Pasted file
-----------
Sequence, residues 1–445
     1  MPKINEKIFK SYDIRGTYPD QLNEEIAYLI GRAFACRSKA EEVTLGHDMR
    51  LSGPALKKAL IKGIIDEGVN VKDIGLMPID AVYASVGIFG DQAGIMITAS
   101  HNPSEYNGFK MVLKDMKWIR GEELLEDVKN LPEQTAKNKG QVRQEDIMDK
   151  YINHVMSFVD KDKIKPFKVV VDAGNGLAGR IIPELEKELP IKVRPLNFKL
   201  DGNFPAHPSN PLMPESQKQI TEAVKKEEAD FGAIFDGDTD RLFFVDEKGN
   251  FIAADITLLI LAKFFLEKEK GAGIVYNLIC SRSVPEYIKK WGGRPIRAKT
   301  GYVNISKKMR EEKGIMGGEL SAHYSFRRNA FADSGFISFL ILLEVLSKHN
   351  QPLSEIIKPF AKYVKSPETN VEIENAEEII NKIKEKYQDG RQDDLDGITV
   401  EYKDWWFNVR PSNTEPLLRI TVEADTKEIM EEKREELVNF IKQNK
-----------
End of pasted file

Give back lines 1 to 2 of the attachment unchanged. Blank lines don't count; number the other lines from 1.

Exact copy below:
Sequence, residues 1–445
     1  MPKINEKIFK SYDIRGTYPD QLNEEIAYLI GRAFACRSKA EEVTLGHDMR